This pedagogical approach is not entirely novel, tracing its origins to the work of Mosteller, a statistics professor at Harvard University . Mosteller’s initial publication outlined three questions posed to students in the final minutes of each class: “What was the most crucial point in the lecture?”, “What was the muddiest point?”, and “What would you like to hear more about?”
MUD cards can be viewed as a tailored variation of the One-Minute Paper technique , specifically tailored to address gaps in student comprehension within the course content. In contrast to eliciting specific responses such as “What are the two most significant things you’ve learned during the session?” or “What questions are still on your mind?”, MUD cards provide students with a blank canvas to express which aspects of the session they perceive as the most unclear, promoting a deeper understanding of course material.
More recently, in 2015, Keeler et al.  also studied the possibility of questioning class students on what topic was the most surprising, in order to develop the metacognitive skills that are a characteristic of expertise. In the following years MUD cards continue to be used for instructors to get across some blind spots during their courses, as reported by Krause et al.  in 2020, which state that uncovering and addressing such issues makes teaching both more challenging and rewarding with the opportunity of improving the classroom experience for both students and instructors.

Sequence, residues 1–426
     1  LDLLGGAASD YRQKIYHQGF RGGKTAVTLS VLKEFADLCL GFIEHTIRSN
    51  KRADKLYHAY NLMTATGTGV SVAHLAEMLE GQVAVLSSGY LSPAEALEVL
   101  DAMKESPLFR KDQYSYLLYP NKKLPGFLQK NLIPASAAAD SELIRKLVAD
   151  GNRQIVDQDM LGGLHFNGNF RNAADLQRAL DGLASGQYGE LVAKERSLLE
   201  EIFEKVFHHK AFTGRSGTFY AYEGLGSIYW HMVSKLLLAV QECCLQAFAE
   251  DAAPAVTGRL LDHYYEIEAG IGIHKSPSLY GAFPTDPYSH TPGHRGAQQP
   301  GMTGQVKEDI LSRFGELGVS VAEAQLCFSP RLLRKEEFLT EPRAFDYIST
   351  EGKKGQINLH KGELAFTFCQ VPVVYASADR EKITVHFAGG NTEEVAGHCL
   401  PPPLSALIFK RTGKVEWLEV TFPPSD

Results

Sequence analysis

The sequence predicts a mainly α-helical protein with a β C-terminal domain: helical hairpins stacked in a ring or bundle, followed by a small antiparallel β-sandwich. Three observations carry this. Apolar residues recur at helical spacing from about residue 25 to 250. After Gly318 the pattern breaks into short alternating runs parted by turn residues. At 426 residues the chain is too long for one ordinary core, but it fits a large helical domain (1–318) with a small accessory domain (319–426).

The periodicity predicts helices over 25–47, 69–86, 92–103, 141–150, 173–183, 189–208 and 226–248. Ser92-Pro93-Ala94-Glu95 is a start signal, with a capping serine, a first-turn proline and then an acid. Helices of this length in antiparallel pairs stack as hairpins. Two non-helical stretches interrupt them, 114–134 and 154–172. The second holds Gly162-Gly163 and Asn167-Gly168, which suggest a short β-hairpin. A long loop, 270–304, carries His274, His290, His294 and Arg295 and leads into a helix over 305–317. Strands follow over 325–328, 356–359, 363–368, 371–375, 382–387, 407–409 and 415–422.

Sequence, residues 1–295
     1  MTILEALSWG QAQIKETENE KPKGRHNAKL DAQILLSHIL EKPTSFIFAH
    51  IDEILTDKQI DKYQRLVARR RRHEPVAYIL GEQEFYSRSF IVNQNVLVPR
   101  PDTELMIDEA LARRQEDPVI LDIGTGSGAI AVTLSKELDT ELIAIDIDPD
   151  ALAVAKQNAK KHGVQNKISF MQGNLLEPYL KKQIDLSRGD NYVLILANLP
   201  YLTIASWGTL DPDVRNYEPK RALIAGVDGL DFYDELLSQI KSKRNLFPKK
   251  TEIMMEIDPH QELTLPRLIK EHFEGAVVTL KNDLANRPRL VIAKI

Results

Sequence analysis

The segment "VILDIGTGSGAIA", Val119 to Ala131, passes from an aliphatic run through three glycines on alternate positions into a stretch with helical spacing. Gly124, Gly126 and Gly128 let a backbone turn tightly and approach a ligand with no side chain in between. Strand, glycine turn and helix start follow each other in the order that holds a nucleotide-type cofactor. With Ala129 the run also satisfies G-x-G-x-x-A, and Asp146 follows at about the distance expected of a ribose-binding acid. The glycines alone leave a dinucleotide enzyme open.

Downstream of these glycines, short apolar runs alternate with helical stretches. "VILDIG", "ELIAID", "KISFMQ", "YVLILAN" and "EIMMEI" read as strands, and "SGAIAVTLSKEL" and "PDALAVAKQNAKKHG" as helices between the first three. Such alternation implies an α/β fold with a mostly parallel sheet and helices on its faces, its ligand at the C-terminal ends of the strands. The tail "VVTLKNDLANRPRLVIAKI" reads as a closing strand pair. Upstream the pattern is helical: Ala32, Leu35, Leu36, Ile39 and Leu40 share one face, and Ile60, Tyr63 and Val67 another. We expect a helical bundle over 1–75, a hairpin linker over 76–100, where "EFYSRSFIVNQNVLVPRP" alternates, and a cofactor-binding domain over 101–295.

Structure of our MUD Cards
Cards are made from A6-size paper sheets in which a large area is clear for students to fill in their answers with by text, a drawing, or other means.
During the reported experiments, the MUD card was changed to have an exclusive feedback area, as some students were finding it easy to skip their duty by simply writing a positive and vague feedback comment such as “good lesson”.
At the top of the card students can read “Which was the least understood topic during the class? Is there any topic you want us to review? Is there anything you want to know more about, from the class or related to programming? Is there anything from the class before you feel you did not get it?”.
Figure 1 displays three MUD card examples. Exhibits A and B represent two upcoming topics related to the current class, as seen in the initial version of the MUD cards. Meanwhile, exhibit C showcases the last revised version incorporating a covered topic alongside a feedback comment. As the inputs are originally in Portuguese, adapted translations were included in the figure to enhance its comprehensibility.